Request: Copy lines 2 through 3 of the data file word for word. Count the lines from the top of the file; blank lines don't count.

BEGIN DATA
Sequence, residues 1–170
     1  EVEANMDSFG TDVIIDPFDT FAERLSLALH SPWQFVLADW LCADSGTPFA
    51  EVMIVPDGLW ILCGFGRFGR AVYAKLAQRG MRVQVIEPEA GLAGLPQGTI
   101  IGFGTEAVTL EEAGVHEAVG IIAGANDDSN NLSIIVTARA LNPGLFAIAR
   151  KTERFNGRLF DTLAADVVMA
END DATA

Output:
     1  EVEANMDSFG TDVIIDPFDT FAERLSLALH SPWQFVLADW LCADSGTPFA
    51  EVMIVPDGLW ILCGFGRFGR AVYAKLAQRG MRVQVIEPEA GLAGLPQGTI